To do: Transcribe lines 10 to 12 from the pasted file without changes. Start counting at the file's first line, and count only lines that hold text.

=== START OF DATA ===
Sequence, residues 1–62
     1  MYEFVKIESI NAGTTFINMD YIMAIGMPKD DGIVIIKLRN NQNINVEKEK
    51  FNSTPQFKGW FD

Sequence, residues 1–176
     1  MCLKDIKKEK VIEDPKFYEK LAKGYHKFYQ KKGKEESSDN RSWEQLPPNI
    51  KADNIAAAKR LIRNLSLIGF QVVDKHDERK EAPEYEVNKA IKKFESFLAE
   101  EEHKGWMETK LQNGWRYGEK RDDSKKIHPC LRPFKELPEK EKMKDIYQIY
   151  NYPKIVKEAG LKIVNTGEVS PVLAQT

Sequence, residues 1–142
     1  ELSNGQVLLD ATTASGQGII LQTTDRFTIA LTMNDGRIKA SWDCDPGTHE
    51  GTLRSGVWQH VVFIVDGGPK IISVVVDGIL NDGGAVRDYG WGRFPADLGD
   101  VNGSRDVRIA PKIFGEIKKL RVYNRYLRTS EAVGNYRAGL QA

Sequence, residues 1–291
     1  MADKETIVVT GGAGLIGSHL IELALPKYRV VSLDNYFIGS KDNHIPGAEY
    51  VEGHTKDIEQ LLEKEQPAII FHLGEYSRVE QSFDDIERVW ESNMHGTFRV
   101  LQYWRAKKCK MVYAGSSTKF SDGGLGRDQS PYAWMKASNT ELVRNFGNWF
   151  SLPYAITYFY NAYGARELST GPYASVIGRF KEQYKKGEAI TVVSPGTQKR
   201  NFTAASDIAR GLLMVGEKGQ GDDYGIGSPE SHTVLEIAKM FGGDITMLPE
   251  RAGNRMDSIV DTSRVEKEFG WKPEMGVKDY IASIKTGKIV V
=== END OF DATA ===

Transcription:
     1  ELSNGQVLLD ATTASGQGII LQTTDRFTIA LTMNDGRIKA SWDCDPGTHE
    51  GTLRSGVWQH VVFIVDGGPK IISVVVDGIL NDGGAVRDYG WGRFPADLGD
   101  VNGSRDVRIA PKIFGEIKKL RVYNRYLRTS EAVGNYRAGL QA